Newly Published
Critical Care Medicine  |   May 2020
Dexmedetomidine Exerts an Anti-inflammatory Effect via α2 Adrenoceptors to Prevent Lipopolysaccharide-induced Cognitive Decline in Mice
Author Notes
  • From the Department of Anesthesiology, Second Affiliated Hospital of Xi’an Jiaotong University, Xi’an, Shaanxi, China (R.L., P.Z.); the Center for Brain Science, First Affiliated Hospital of Xi’an Jiaotong University, Xi’an, Shaanxi, China (R.L.); and the Center for Cerebrovascular Research, Department of Anesthesia and Perioperative Care (R.L., I.K.L., J.Z.P., M.M.) and the Brain and Spinal Injury Center (J.Z.P.), University of California, San Francisco, California.
  • Part of the work presented in this article has been presented at the Association of University Anesthesiologists Annual Meeting in Montreal, Canada, May 17, 2019; the International Anesthesia Research Society Annual Meeting in Montreal, Canada, May 18, 2019; and the Kosaka Best Abstract Symposium in Montreal, Canada, May 19, 2019.
    Part of the work presented in this article has been presented at the Association of University Anesthesiologists Annual Meeting in Montreal, Canada, May 17, 2019; the International Anesthesia Research Society Annual Meeting in Montreal, Canada, May 18, 2019; and the Kosaka Best Abstract Symposium in Montreal, Canada, May 19, 2019.×
  • Submitted for publication July 19, 2019. Accepted for publication April 28, 2020.
    Submitted for publication July 19, 2019. Accepted for publication April 28, 2020.×
  • Correspondence: Address correspondence to Dr. Maze: Center for Cerebrovascular Research, Zuckerberg San Francisco General Hospital, 1001 Potrero Avenue, Building 10, Room 1206, San Francisco, California 94110-3518. mervyn.maze@ucsf.edu. Information on purchasing reprints may be found at www.anesthesiology.org or on the masthead page at the beginning of this issue. Anesthesiology’s articles are made freely accessible to all readers, for personal use only, 6 months from the cover date of the issue.
Article Information
Critical Care Medicine / Critical Care / Geriatric Anesthesia / Pharmacology
Critical Care Medicine   |   May 2020
Dexmedetomidine Exerts an Anti-inflammatory Effect via α2 Adrenoceptors to Prevent Lipopolysaccharide-induced Cognitive Decline in Mice
Anesthesiology Newly Published on May 28, 2020. doi:https://doi.org/10.1097/ALN.0000000000003390
Anesthesiology Newly Published on May 28, 2020. doi:https://doi.org/10.1097/ALN.0000000000003390
Abstract

Background: Clinical studies have shown that dexmedetomidine ameliorates cognitive decline in both the postoperative and critical care settings. This study determined the mechanism(s) for the benefit provided by dexmedetomidine in a medical illness in mice induced by lipopolysaccharide.

Methods: Cognitive decline, peripheral and hippocampal inflammation, blood–brain barrier permeability, and inflammation resolution were assessed in male mice. Dexmedetomidine was administered in the presence of lipopolysaccharide and in combination with blockers. Cultured macrophages (RAW 264.7; BV-2) were exposed to lipopolysaccharide ± dexmedetomidine ± yohimbine; tumor necrosis factor α release into the medium and monocyte NFκB activity was determined.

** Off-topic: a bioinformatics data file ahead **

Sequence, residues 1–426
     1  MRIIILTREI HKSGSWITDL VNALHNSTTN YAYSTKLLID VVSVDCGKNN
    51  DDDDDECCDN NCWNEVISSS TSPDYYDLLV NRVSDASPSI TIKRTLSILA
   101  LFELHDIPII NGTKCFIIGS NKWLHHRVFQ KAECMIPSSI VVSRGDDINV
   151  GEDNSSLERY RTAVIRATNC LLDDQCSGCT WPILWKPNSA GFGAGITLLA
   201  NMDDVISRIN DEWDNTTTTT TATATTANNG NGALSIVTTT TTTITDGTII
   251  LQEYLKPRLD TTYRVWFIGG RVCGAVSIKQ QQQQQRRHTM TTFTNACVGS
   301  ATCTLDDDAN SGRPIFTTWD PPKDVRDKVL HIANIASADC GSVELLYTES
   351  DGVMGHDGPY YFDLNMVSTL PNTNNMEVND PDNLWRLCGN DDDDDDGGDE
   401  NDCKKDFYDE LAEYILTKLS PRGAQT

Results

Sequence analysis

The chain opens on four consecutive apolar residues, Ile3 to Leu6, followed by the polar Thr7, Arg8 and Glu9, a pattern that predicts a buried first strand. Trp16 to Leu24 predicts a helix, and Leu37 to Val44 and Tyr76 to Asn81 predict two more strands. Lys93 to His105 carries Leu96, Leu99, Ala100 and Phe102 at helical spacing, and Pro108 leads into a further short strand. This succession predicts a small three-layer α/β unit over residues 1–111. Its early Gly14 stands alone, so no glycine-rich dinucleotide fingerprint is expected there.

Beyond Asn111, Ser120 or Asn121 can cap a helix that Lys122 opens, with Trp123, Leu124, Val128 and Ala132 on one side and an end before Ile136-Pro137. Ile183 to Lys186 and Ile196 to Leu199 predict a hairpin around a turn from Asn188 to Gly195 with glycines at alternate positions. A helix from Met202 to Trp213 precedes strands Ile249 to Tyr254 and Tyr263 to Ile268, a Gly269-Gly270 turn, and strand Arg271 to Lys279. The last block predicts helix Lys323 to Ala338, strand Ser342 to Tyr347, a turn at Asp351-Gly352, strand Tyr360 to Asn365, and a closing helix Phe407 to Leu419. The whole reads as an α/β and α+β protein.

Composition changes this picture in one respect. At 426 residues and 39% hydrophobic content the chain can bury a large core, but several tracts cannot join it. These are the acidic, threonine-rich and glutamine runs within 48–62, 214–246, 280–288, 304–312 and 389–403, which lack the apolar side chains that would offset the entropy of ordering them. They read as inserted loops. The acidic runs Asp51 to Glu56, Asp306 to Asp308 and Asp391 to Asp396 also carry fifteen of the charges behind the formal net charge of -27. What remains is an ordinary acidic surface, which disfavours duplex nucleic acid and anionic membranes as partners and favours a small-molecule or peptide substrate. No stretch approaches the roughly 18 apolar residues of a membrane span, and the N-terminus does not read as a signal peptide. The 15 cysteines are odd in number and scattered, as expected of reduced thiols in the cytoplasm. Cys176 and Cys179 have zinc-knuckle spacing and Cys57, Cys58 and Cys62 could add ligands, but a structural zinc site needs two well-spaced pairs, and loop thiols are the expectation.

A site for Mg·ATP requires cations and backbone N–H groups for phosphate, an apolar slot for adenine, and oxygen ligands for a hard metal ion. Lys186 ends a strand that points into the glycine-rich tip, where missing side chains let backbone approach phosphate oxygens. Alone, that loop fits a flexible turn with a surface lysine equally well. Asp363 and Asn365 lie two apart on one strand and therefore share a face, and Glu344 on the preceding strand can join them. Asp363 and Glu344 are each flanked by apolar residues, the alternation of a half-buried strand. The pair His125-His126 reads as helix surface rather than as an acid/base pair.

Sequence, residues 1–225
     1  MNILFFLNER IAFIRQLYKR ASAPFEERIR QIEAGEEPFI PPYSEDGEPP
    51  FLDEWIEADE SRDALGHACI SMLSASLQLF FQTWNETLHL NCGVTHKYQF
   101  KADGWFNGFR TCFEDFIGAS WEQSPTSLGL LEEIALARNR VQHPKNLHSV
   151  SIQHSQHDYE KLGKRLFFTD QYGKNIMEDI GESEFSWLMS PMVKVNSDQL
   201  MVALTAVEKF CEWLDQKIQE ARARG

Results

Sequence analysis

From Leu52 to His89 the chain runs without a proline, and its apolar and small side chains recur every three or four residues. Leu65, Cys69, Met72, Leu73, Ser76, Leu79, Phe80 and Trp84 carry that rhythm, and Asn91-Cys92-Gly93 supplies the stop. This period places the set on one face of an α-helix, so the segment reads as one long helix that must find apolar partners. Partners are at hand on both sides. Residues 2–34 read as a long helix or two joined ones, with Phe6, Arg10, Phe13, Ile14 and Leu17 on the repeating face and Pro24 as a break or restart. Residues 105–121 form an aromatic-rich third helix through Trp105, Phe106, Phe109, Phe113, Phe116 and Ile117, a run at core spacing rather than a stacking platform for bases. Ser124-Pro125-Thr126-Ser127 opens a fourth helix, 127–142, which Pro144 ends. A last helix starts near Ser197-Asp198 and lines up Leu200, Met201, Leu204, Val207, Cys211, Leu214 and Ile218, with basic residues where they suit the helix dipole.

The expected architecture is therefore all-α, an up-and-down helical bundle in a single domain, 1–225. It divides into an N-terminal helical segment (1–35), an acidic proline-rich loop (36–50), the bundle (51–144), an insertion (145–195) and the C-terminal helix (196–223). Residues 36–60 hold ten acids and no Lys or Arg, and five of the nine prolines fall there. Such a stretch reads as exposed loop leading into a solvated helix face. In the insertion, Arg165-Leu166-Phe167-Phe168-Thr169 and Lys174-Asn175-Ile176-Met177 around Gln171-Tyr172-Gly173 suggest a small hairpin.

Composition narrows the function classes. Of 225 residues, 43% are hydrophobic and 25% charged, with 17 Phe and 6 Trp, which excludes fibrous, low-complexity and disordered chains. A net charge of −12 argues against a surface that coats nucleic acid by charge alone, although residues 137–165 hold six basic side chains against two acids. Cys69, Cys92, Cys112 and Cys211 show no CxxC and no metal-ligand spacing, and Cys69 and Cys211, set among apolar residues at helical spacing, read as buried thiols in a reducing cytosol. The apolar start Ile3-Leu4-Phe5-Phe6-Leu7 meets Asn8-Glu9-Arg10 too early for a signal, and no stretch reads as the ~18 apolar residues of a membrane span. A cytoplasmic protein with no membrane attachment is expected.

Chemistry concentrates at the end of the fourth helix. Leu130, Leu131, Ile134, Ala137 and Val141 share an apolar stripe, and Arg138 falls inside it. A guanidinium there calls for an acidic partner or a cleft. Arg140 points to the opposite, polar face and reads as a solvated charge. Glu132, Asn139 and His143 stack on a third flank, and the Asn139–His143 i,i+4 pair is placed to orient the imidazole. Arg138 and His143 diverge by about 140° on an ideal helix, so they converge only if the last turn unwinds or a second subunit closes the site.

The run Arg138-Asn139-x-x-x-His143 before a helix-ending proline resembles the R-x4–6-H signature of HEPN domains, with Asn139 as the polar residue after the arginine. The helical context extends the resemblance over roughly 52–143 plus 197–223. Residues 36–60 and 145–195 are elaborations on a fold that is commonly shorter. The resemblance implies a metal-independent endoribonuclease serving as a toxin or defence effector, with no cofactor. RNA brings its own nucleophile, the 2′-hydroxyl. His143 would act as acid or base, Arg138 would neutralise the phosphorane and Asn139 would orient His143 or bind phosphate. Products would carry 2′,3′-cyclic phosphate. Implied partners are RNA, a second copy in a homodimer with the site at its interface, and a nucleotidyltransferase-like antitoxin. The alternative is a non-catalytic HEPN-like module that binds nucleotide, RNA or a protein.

Results: In vivo, lipopolysaccharide-induced cognitive decline and inflammation (mean ± SD) were reversed by dexmedetomidine (freezing time, 55.68 ± 12.31 vs. 35.40 ± 17.66%, P = 0.0286, n = 14; plasma interleukin [IL]-1β: 30.53 ± 9.53 vs. 75.68 ± 11.04 pg/ml, P < 0.0001; hippocampal IL-1β: 3.66 ± 1.88 vs. 28.73 ± 5.20 pg/mg, P < 0.0001; n = 8), which was prevented by α2 adrenoceptor antagonists. Similar results were found in 12-month-old mice. Lipopolysaccharide also increased blood–brain barrier leakage, inflammation-resolution orchestrator, and proresolving and proinflammatory mediators; each lipopolysaccharide effect was attenuated by dexmedetomidine, and yohimbine prevented dexmedetomidine’s attenuating effect. In vitro, lipopolysaccharide-induced tumor necrosis factor α release (RAW 264.7: 6,308.00 ± 213.60 vs. 7,767.00 ± 358.10 pg/ml, P < 0.0001; BV-2: 1,075.00 ± 40.41 vs. 1,280.00 ± 100.30 pg/ml, P = 0.0003) and NFκB–p65 activity (nuclear translocation [RAW 264.7: 1.23 ± 0.31 vs. 2.36 ± 0.23, P = 0.0031; BV-2: 1.08 ± 0.26 vs. 1.78 ± 0.14, P = 0.0116]; phosphorylation [RAW 264.7: 1.22 ± 0.40 vs. 1.94 ± 0.23, P = 0.0493; BV-2: 1.04 ± 0.36 vs. 2.04 ± 0.17, P = 0.0025]) were reversed by dexmedetomidine, which was prevented by yohimbine.

Conclusions: Preclinical studies suggest that the cognitive benefit provided by dexmedetomidine in mice administered lipopolysaccharide is mediated through α2 adrenoceptor–mediated anti-inflammatory pathways.

Editor’s Perspective:

What We Already Know about This Topic:

  • Administration of lipopolysaccharide to young and middle-aged mice is associated with neuroinflammation and cognitive impairment

  • Dexmedetomidine has been shown to decrease neuroinflammation in mice

What This Article Tells Us That Is New:

  • Administration of dexmedetomidine to mice treated with lipopolysaccharide decreased neuroinflammation and cognitive impairment in both young and aged mice

  • The effects of dexmedetomidine on neuroinflammation and cognitive impairment in mice treated with lipopolysaccharide are likely mediated by α2 adrenoceptor–mediated anti-inflammatory pathways